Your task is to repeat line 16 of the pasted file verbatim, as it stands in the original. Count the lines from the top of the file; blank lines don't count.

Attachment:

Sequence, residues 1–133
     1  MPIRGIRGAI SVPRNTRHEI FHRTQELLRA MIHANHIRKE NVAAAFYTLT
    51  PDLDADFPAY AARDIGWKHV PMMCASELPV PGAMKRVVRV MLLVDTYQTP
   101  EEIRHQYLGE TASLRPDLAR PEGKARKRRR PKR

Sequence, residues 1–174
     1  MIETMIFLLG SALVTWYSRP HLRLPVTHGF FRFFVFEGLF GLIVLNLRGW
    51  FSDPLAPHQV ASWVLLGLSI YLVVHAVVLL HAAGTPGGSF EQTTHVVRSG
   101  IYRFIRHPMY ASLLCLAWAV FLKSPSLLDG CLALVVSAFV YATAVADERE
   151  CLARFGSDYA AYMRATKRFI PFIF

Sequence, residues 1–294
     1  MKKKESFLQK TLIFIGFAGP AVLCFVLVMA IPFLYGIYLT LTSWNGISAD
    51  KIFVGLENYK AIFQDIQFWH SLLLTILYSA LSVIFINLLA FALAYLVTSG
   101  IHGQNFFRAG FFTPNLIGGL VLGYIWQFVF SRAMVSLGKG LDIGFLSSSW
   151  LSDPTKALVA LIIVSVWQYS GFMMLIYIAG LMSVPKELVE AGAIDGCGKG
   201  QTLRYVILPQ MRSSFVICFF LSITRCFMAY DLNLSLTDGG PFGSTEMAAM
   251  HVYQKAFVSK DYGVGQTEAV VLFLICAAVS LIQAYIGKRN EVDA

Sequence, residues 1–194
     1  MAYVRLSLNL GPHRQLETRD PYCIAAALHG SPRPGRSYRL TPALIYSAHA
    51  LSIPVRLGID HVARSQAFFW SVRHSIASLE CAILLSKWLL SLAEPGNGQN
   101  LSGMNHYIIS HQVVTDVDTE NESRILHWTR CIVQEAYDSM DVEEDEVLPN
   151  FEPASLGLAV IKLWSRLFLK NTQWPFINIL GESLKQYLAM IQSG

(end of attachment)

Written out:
   251  HVYQKAFVSK DYGVGQTEAV VLFLICAAVS LIQAYIGKRN EVDA